Other jurisdictions also take into consideration such subjective factors when determining breach of good faith and fair dealing. See, e.g., Iliadis v. Wal-Mart Stores, Inc., 191 N.J. 88, 109– 110, 922 A.2d 710, 722 (2007) (holding that “good faith” turns not only on “reasonableness” but also on “bad motive or intention”); Continental Bank N.A. v Modansky, 997 F.2d 309, 312-14 (7th Cir. 1993) (applying Illinois law and stating that, “when a creditor acts honestly when activating guaranties and utilizing insecurity clauses, the creditor does not violate the duty of good faith even if such actions are not reasonable”) (emphasis added). 2

C. The Role of Industry Practice or Custom

Industry custom or practice—here, industry practice with respect to licensing terms and negotiations for SEPs—is relevant to the scope and character of parties’ good faith obligations and should be taken into consideration in determining breach of good faith. See, e.g., Curtis v.

4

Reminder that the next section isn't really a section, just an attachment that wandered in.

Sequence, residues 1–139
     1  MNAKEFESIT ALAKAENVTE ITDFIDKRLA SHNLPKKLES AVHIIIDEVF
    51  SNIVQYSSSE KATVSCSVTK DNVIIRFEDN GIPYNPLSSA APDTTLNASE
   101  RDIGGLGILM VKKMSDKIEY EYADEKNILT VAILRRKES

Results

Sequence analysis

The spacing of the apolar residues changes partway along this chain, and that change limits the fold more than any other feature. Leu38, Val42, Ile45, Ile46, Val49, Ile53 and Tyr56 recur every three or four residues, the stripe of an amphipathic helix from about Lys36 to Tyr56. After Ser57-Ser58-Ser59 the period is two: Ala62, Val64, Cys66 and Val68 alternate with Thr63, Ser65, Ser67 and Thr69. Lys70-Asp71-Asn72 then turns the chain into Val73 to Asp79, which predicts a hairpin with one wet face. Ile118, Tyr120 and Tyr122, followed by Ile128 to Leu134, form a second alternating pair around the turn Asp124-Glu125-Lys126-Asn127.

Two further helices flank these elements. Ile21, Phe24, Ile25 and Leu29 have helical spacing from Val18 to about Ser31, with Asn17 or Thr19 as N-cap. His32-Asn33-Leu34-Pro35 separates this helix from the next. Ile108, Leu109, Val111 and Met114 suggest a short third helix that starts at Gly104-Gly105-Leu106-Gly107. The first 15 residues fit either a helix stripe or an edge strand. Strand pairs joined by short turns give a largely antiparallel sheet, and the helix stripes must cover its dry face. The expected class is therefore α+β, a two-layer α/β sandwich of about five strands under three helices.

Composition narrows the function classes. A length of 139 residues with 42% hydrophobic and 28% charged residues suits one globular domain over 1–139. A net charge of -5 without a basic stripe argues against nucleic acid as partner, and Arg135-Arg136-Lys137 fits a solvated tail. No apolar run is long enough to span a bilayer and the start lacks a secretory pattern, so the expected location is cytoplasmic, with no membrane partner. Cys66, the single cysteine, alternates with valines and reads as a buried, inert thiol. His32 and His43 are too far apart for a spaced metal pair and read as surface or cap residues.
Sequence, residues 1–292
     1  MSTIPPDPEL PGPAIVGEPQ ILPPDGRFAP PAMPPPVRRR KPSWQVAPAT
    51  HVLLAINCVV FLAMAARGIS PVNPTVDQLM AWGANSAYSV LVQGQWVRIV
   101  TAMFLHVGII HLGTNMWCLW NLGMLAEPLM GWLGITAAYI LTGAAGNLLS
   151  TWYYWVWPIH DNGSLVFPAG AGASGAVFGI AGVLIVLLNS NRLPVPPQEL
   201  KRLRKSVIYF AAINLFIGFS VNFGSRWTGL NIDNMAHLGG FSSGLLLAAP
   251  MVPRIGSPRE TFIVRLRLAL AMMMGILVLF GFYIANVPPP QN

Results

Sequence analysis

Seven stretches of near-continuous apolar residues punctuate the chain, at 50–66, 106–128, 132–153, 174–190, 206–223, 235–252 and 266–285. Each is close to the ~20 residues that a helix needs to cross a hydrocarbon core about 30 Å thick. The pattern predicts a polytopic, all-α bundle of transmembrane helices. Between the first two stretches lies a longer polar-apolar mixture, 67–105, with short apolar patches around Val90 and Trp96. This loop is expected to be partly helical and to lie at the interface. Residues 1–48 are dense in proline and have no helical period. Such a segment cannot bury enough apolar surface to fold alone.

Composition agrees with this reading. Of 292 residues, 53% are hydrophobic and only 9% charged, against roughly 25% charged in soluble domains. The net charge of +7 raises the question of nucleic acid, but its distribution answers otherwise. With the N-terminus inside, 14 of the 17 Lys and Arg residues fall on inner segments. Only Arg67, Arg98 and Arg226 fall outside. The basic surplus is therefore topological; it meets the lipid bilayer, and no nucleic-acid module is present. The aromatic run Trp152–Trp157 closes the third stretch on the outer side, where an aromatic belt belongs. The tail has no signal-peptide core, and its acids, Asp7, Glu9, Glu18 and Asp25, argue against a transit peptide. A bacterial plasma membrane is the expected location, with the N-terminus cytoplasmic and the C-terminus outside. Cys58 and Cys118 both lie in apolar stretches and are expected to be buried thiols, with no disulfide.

Northern Life Ins. Co., 147 Wn. App. 1030, *6 (2008). In Curtis, the Washington Court of Appeals cited conflicting evidence as to industry practice in finding a factual dispute as to whether defendant had complied with its implied duty of good faith and fair dealing. Plaintiffs represented employees who had purchased fixed deferred annuities issued by defendant Northern. Under the contract, Northern was required to credit interest to plaintiffs’ account at a minimum rate of three percent, but had the discretion to credit at a higher rate. Id. at *5. Plaintiffs claimed that Northern had relied on arbitrary and unfair methods in setting the interest rate, and had thus breached a duty of good faith. In response, Northern cited industry practice, noting that its “method ... was an acceptable and commonly used interest crediting practice in the industry.” Id. at *6. Plaintiffs countered with testimony from a former insurance commissioner who testified that defendant’s “approach amounted to an unfair trade practice.” Id. The court deemed this competing evidence about industry practice relevant as “these factual disputes relate directly to the question of whether Northern acted in good faith in exercising its discretion to set higher rates.” Id. See also Axthelm & Swett Const., Inc. v. Caudill, No. 35995-9-I, 86 Wn. App. 1002, *4 (May 12, 1997) (rejecting defendant’s argument that construction company had breached its good faith obligation to obtain proper permits in a timely manner based, in part, on trial court’s finding that the construction company’s actions were “in compliance with industry standards” and had been performed “in a more expeditious manner than typical.”); Rhino Linings USA, Inc. v. Harriman, 658 F. Supp. 2d 892, 899-900 (S.D. Ind. 2009) (applying Indiana law, holding there was sufficient evidence to avoid summary judgment on issue of whether plaintiff franchisor negotiated in bad faith with the defendant franchisee in light of the plaintiff franchisor’s past quota offers to defendant franchisee and to other potential franchisees and plaintiff franchisor’s failure to enforce other quotas).